Ricky Dimon of The Grandstand and Pete Ziebron of Tennis Acumen preview and pick the four best men’s singles matches on Saturday at the Australian Open. Now that Novak Djokovic is gone, Rafael Nadal hopes to avoid the upset bug when he faces Alexander Zverev.
(24) Alexander Zverev vs. (9) Rafael Nadal
Ricky: No one (or at least not Zverev) will soon forget their only previous encounter. At last season’s Indian Wells Masters, Zverev butchered a forehand volley at match point on his own serve at 5-3, 40-30 in the third set. Nadal ended up prevailing 6-7(8), 6-0, 7-5. A best-of-five scenario would seem to be even more advantageous for an established veteran than a 19-year-old, but that may not be the case. Nadal is always a physical question mark, especially on hard courts, and Zverev bounced back nicely from a five-setter with Robin Haase by destroying Frances Tiafoe 6-2, 6-3, 6-4 in round two. The German is the prototypical Nadal nemesis: huge serve, big groundstrokes, and a two-handed backhand. Nadal has been solid through two matches, but not to the extent that I’m changing my pre-tournament pick. Zverev in 4: 6-3, 5-7, 6-3, 7-6(7).
Pete: Nadal comes into this highly-anticipated match without hitting a double-fault in six sets and serving at 70 percent and 80 percent in his respective straight-set victories. As difficult as it is to fathom, the 14-time Grand Slam champion appears to be flying under the radar as a possibility to win his second Australian Open. Zverev had plenty of opportunities to defeat Nadal in their only meeting last March at Indian Wells. He will feel better about his game with his second-round straight-set win over Tiafoe after having to fight back from a two sets to one deficit in the opening round against Haase. Both Nadal and Zverev will vividly recall their encounter in the California desert for different reasons–Nadal for the mental edge that he had at the very end and Zverev for the squandered chance on match point to record a monumental win. Zverev’s failure to win the first time around against Nadal will continue to ring in his head. Nadal in 4: 6-4, 6-3, 5-7, 6-4.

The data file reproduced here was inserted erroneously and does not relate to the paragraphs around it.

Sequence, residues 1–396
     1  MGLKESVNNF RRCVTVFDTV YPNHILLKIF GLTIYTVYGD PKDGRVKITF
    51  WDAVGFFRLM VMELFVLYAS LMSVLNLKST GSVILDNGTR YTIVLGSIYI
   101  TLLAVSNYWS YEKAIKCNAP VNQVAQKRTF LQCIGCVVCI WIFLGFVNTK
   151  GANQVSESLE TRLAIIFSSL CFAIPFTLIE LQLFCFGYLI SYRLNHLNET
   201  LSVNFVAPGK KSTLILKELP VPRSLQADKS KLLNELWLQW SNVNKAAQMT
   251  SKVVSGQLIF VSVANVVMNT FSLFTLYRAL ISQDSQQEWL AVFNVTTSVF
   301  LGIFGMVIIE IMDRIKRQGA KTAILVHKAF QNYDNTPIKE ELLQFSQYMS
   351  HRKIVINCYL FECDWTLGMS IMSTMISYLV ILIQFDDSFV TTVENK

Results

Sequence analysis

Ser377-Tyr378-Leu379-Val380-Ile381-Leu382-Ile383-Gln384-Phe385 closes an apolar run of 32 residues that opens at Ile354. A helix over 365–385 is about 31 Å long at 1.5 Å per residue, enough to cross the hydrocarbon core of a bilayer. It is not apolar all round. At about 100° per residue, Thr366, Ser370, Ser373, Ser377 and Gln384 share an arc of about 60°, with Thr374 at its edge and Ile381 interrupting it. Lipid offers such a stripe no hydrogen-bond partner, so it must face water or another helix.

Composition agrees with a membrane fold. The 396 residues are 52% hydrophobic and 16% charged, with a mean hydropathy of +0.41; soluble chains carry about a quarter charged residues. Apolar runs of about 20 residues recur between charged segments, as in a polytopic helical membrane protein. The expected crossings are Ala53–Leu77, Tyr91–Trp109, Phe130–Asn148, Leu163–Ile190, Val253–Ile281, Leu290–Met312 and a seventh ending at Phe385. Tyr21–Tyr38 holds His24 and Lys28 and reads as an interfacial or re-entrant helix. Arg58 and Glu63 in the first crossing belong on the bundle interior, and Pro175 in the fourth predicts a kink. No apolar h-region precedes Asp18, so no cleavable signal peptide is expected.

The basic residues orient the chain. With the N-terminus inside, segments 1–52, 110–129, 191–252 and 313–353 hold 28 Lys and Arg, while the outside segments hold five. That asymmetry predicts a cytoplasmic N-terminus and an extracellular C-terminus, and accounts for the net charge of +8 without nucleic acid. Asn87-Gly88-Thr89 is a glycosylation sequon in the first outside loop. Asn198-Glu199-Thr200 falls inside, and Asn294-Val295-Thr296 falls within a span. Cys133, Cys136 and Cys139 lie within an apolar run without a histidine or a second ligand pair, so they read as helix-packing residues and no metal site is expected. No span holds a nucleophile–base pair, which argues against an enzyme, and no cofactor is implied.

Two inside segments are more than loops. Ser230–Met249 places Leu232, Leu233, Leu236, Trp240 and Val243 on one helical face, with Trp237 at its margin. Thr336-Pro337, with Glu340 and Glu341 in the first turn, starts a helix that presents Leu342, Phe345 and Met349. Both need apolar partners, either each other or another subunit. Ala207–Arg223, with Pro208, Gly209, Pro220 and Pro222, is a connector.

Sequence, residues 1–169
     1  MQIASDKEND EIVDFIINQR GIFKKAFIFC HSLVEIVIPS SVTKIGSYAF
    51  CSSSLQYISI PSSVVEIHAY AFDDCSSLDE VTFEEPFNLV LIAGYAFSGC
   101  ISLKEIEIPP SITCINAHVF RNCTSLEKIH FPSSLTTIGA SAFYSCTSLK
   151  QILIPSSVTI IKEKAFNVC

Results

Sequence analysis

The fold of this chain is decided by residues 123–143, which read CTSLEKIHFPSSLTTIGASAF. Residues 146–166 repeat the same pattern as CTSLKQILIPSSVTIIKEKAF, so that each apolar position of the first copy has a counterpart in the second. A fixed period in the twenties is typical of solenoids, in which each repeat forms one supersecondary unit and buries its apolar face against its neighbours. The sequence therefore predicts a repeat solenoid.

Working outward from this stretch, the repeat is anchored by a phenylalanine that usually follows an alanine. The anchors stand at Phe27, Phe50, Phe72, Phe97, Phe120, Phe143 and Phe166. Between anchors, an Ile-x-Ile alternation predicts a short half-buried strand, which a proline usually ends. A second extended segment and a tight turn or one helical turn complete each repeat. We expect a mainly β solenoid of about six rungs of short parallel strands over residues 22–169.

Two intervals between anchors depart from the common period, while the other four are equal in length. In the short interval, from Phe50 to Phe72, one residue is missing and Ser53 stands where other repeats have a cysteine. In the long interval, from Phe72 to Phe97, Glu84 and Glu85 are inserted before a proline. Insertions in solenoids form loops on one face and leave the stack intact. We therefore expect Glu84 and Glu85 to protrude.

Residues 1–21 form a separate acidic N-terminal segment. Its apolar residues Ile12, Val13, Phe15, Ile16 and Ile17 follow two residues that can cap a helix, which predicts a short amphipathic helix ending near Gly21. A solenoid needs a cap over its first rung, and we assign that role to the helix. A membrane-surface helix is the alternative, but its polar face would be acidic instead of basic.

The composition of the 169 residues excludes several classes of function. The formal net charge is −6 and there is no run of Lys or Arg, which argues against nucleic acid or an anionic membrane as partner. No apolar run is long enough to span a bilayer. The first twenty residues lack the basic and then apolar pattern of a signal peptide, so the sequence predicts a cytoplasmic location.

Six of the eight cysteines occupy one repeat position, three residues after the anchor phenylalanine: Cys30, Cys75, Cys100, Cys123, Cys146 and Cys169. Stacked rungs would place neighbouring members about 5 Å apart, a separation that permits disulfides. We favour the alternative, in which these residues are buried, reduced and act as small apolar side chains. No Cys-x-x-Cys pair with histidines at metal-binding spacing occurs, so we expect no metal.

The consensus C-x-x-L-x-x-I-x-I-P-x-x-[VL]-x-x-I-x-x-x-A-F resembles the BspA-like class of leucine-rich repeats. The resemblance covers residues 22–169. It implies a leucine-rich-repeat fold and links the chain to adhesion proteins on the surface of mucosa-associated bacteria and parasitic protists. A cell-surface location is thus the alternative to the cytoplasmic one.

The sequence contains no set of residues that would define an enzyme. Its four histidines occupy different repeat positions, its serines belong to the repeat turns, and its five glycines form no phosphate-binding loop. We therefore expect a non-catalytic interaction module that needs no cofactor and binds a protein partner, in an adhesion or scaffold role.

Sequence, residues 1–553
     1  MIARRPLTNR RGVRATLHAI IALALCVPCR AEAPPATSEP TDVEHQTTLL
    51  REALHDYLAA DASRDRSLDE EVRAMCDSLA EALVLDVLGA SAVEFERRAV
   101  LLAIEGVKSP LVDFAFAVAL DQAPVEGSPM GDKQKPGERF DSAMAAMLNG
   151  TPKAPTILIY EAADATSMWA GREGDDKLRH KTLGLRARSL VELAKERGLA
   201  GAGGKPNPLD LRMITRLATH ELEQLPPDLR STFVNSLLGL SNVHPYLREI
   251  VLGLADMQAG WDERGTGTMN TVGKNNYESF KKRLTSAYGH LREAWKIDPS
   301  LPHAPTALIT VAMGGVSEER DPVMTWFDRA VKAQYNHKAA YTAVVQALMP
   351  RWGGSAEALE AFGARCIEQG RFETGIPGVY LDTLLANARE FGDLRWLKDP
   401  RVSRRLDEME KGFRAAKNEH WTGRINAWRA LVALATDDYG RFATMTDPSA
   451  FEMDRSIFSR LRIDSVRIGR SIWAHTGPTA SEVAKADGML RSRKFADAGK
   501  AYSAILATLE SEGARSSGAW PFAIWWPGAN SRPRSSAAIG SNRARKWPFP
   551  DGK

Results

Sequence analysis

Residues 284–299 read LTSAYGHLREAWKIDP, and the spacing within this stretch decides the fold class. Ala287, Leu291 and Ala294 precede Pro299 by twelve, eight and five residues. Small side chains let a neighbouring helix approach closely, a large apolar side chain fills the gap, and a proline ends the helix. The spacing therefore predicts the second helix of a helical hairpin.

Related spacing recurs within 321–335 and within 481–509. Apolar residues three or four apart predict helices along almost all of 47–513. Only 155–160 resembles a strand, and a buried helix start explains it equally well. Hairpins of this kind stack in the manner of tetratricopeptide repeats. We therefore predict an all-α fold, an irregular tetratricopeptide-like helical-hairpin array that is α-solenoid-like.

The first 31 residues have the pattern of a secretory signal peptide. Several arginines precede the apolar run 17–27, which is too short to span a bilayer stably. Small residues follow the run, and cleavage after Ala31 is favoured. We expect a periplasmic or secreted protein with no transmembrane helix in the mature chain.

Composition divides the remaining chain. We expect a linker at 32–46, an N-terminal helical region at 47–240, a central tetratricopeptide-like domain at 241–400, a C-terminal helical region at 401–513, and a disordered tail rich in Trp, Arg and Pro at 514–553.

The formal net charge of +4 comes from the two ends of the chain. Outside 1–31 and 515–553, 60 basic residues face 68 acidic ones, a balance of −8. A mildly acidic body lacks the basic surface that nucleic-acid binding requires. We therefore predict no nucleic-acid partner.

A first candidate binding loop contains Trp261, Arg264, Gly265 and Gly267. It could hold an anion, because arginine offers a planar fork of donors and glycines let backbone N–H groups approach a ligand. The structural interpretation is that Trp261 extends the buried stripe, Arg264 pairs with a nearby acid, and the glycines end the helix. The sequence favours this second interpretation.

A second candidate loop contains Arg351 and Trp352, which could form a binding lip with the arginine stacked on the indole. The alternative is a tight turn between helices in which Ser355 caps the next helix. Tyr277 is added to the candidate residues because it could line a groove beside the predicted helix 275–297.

(15) Grigor Dimitrov vs. (18) Richard Gasquet
Ricky: Very little will separate the two competitors in this battle of one-handed backhands that should feature lots of incredible shot-making from the back of the court. Who will get the best of it? Gasquet leads the head-to-head series 5-1 and has been the more impressive through two matches. But Dimitrov won their most recent meeting last fall in Shanghai and is 7-0 this season with a title in Brisbane. The Bulgarian has been riding a wave of momentum since the second half of 2016. This could be the most entertaining match of the tournament other than Denis Istomin vs. Novak Djokovic. Well, that and–of course–Benoit Paire vs. Fabio Fognini. Dimitrov in 5: 4-6, 6-3, 6-7(4), 6-2, 7-5.
Pete: A prime opportunity awaits the winner of Gasquet and Dimitrov, as whoever previals will have an easier than expected passage into the quarterfinals in facing the Denis Istomin vs. Pablo Carreno Busta winner next. Gasquet was sidelined at this time last year, denying him the opportunity to continue his excellent play in majors (semifinals at Wimbledon and quarters at the U.S. Open in 2015). We have been waiting a long time to see if Dimitrov can indeed live up to all of the hype that has accompanied his game. Thus far, one semifinal (Wimbledon 2014) and a quarterfinal (2014 Australian Open) are his best showings. Gasquet owns a 5-1 head-to-head record, but Dimitrov won most recently last October at the Shanghai Masters. Gasquet’s efficient play through two rounds as well as his confident recognition of a potential deep run make the difference. Gasquet in 4: 6-4, 5-7, 7-6(3), 6-3.